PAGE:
Fortune using currency
Normally I don’t copy other articles in my blog. But I thought this one could be of value to my readers. Here is a new avenue to hunt for an opportunity;
Old is gold. More so, if it is an old rupee note. Ask Mehraj Quraishi. Two years back, Quraishi, a trader in old coins and notes, purchased 30 one-rupee notes — the first ones printed by the government after Independence — bearing the signature of the then finance secretary of India, K R K Menon. He paid Rs 1,350 for each note.
But when Quraishi wanted a few more of these notes a few days earlier, he had to dole out Rs 10,000 for each — a 640 per cent increase in value in just over two years, something not many investment avenues can boast of.
There’s more to it. Some of the Re 1 notes printed in 1964, bearing the signature of the then finance secretary, S Bhoothalingam, are at present available on ebay.com for Rs 25,500 each.
However, all old currency notes do not appreciate as rapidly in value. The availability of the note in the market is the main factor. For example: the Re 1 notes printed in December 1964 and signed by Bhoothalingam are very rare, but other notes signed by him in the subsequent months might be available in the market and may not fetch the same value.
Jayesh Gala, a collector and dealer of notes and coins, has some tips to help customers identify rare notes. “Check the period for which a particular RBI governor has been in office. If it is a short period, chances are that notes bearing his signature will be few and hence would command a high price.”
The physical state of the note will also determine what price it can fetch. An uncirculated note, or UNC as it is known in numismatic parlance, will command a higher price compared to the used ones.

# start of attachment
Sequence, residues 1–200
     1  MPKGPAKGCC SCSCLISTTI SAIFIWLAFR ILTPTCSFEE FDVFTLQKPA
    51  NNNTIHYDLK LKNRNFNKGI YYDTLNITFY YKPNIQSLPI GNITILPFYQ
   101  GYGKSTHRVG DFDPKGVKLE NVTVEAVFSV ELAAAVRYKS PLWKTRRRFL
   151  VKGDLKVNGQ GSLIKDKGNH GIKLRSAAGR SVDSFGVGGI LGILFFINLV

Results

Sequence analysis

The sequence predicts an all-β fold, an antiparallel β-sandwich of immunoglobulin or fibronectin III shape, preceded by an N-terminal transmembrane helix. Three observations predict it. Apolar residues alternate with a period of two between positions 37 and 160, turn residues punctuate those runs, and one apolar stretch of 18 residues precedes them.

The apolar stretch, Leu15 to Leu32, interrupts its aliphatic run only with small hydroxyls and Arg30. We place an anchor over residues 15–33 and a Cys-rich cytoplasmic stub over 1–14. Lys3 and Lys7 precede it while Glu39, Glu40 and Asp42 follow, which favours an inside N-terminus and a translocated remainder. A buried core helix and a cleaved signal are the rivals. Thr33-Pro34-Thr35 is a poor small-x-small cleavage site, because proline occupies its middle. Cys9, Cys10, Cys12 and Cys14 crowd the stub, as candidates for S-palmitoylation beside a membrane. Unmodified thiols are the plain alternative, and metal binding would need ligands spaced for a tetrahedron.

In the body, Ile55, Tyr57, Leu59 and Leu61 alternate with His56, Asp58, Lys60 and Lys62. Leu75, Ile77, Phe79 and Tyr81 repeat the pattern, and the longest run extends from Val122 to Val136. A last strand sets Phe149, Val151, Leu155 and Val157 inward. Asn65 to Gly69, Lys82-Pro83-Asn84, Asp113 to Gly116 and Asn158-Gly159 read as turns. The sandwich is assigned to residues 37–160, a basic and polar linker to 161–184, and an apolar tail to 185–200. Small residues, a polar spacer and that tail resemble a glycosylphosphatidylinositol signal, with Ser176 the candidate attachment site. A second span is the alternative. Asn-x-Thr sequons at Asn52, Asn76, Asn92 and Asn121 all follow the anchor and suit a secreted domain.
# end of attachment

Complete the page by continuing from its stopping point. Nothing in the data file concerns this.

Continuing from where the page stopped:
Collectors are interested not only in currency notes which are out of circulation but also those which are currently in use. Of course, they must have some special feature to be of interest to a collector.
Like the Rs 10 ‘star’ note, or replacement note with former finance secretary and present RBI Governor D Subbarao’s signature and a series number 000001. This note was bought for Rs 50,000 by Kishore Jhunjhunwala, a numismatist.
Each note bears a unique series number. For example: your note may have the following number printed on it: 01A 124578. Here, ‘A’ is the prefix letter and 124578 is the series number. You will also find a letter in the background of the series number, known as the inset letter, that identifies the mint it has been printed in.
The combination of the prefix and the series number or just the series number creates the fancy number. For example: a plain series number like 123456 or one that comprises the same digits like 111111 or an interesting combination of the prefix and the series number – 11B 111111, may be of interest to collectors.
The possibilities of a fancy number are endless. The value of a fancy number note cannot really be ascertained, says Gala. It depends on what value the likes of Jhunjhunwala peg it at.
So next time you come across a note with a ‘fancy number’, don’t be in a rush to spend it. It may be worth much more than its face value.
Usually, people are eager to palm off a misprinted note to an unsuspecting person. But if you find yourself in a similar position, don’t rush to rid yourself of the error note.Error notes are notes that are misprinted by the RBI and are supposed to be destroyed. But somehow they find their way into the market and in the hands of money changers and collectors.Â
Again, the value of an error note cannot be determined but it is certain that it will fetch you a decent amount.
These notes are also known as replacement notes. During the printing of a certain series of notes, one of the notes in the bundle could be misprinted. The note which replaces the misprinted one in the bundle will not be serially numbered like the rest. To identify such a note, a star sign is inserted in the number panel between the prefix letter and the series number.
“Such notes are rarely seen in circulation as they are in great demand from collectors,” says Arun Sanghvi, a money changer. Not surprising that even an ordinary Rs 10 star note with no fancy number or a particular governor’s signature can be sold to a money changer for Rs 30. If you ever come across a star note, know that you are richer by a few rupees. Moral of the lesson: do keep a close watch on all your notes henceforth. The value of the Rs 10 note in your wallet may actually be worth a few extra zero’s.
Courtesy: Masoom Gupte
Source: Business Standard